Tip of the week 40
Connect your Linux local host to your GNS3's devices
Some days ago I tried to connect my GNS3 devices to the outside with the cloud icon (note that you have to launch GN3 with root rights), it works well but I noticed that I couldn't reach my local host... After some investigation, I found an article on the GNS3 FAQ here :
On Linux / Unix / OS X, when I bridge a router or switch interface to my local host I can’t ping it from my host. But this works on Windows? What gives?
This does generally work on Windows (depending on your network card) but not on Linux / Unix. Most likely this is due to differences between libpcap and Winpcap, and the differences in the network stacks on Unix / Windows (e.g. NDIS). However you should be able to ping your bridged interfaces from other systems on the bridged network. If this does not work on Windows for your particular NIC, try creating a Windows loopback adapter and bridging to that. On Linux you can use a tap interface and the NIO_tap (available from a cloud). OS X you can install tun/tap drivers.
Ok, so I need to create a tap interface, here is how with the ip command (as ifconfig is deprecated):
~ sudo ip tuntap add tap1 mode tap user root ~ sudo ip link set tap1 up ~ sudo ip addr add 192.0.2.100/24 dev tap1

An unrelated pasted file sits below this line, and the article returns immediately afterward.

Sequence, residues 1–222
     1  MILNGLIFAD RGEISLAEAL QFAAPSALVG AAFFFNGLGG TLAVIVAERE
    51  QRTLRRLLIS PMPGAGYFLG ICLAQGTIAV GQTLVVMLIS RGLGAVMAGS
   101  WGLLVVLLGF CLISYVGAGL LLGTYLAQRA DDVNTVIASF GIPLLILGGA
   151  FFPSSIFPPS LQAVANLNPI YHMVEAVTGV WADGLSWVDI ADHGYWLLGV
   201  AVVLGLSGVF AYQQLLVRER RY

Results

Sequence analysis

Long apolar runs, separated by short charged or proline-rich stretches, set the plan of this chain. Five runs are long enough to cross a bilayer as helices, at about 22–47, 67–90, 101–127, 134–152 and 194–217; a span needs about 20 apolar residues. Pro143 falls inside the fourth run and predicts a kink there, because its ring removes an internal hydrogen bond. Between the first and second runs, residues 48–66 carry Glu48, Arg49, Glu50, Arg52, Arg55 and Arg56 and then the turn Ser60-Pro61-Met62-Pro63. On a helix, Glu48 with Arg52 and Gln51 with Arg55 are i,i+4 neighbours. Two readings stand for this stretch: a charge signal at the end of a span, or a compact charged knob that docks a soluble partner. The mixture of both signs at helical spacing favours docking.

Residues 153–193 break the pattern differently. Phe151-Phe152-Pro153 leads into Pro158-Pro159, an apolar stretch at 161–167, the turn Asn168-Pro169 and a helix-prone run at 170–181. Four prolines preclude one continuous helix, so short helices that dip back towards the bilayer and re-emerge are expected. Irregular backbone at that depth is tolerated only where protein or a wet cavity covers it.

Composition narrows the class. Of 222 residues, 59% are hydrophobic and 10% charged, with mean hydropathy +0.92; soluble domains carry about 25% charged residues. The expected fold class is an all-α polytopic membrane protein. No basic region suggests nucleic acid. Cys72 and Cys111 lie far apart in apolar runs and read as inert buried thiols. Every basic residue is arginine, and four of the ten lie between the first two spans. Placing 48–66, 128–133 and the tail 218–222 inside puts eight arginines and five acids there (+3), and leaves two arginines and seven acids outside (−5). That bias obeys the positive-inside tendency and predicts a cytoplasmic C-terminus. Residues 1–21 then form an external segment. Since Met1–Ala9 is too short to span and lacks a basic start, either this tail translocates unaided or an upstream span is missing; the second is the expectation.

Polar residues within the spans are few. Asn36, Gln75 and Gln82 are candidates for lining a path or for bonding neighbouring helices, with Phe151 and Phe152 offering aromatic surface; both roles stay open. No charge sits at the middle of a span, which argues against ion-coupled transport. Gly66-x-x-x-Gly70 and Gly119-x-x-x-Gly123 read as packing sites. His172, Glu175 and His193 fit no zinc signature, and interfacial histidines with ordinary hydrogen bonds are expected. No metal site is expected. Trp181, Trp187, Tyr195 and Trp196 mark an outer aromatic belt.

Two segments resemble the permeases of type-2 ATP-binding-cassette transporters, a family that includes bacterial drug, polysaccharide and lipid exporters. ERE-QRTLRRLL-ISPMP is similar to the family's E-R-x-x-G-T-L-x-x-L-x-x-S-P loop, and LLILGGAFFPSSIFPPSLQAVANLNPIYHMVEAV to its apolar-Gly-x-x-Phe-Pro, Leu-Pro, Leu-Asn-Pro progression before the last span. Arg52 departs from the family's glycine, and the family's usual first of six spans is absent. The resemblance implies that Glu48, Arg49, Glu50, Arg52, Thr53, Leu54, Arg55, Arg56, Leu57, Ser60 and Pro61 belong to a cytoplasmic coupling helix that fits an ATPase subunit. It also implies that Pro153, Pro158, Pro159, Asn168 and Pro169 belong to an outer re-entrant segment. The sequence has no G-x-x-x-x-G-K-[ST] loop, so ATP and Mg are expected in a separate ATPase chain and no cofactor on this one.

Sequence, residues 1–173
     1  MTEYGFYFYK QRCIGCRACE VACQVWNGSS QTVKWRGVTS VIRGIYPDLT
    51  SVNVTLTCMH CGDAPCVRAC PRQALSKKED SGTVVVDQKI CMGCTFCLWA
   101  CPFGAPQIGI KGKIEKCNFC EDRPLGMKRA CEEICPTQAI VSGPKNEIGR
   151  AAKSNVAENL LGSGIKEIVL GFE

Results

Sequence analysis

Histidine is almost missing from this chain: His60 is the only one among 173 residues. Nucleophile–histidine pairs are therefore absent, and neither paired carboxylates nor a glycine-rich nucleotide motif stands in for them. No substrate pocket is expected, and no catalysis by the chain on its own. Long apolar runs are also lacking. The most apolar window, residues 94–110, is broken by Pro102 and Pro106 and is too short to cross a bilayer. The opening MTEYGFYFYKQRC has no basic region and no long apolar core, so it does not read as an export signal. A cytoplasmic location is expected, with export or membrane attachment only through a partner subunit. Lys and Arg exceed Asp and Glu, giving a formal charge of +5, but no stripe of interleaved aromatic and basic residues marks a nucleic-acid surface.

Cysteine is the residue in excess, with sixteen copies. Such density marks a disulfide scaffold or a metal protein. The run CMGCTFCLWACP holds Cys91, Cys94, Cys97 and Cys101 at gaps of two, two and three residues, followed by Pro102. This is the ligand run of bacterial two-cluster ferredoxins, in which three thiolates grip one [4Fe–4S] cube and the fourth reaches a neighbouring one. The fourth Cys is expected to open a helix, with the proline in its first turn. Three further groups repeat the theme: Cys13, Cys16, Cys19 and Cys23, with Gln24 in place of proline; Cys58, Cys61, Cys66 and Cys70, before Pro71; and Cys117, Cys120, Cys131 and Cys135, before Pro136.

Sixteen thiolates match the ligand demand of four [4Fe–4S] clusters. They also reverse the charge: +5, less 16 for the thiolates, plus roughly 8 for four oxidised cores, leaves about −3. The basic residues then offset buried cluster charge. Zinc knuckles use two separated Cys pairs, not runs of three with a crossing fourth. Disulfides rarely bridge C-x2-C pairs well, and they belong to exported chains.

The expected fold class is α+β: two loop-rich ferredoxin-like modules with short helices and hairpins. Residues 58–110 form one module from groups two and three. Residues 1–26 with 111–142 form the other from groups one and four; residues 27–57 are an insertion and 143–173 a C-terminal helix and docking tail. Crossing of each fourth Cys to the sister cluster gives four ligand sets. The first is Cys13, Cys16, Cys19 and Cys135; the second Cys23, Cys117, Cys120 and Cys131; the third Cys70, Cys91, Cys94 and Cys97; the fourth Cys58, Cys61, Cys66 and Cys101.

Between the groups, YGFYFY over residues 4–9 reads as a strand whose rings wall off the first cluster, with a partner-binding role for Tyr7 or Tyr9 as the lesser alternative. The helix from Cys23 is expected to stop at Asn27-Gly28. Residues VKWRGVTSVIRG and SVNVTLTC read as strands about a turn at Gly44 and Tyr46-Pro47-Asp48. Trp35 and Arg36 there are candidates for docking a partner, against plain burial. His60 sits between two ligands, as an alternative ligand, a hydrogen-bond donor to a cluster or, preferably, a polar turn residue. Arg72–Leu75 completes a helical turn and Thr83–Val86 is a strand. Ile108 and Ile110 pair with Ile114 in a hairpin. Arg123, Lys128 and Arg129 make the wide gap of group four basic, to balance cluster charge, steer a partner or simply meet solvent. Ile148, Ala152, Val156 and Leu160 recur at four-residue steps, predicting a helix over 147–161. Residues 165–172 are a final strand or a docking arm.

Check it with :
~ ip addr show tap1 6: tap1: <NO-CARRIER,BROADCAST,MULTICAST,UP> mtu 1500 qdisc pfifo_fast state DOWN qlen 500 link/ether ce:d5:8b:bc:5e:74 brd ff:ff:ff:ff:ff:ff inet 192.168.2.100/24 scope global tap1 valid_lft forever preferred_lft forever inet 192.0.2.100/24 scope global tap1 valid_lft forever preferred_lft forever inet6 fe80::ccd5:8bff:febc:5e74/64 scope link valid_lft forever preferred_lft forever
Note that the tap1 is in DOWN state because there no carrier.
Create a host under GNS3, right click on it and configure, go under NIO TAP tab and add the tap1 you just created.
Then, create the link to your device and apply your interface configuration in order to test the reachability.
R1(config)#int ethernet 0/0 R1(config-if)#ip addr R1(config-if)#ip address 192.0.2.200 255.255.255.0 R1(config-if)#no shut R1(config-if)#^Z R1#conf t *Mar 1 00:00:36.731: %SYS-5-CONFIG_I: Configured from console by console R1#conf *Mar 1 00:00:37.699: %LINK-3-UPDOWN: Interface Ethernet0/0, changed state to up *Mar 1 00:00:38.699: %LINEPROTO-5-UPDOWN: Line protocol on Interface Ethernet0/0, changed state to up R1# R1# R1#ping 192.0.2.100 Type escape sequence to abort. Sending 5, 100-byte ICMP Echos to 192.0.2.100, timeout is 2 seconds: .!!!!
Now you can reach the router from your Linux. That's interesting if you want for example to test some supervision tool.
If you want to make your tap interface persistent, you have to edit your /etc/network/interfaces file with the following :
iface tap1 inet manual pre-up ip tuntap add tap1 mode tap user root pre-up ip addr add 192.0.2.100/24 dev tap1 up ip link set dev tap1 up post-down ip link del dev tap1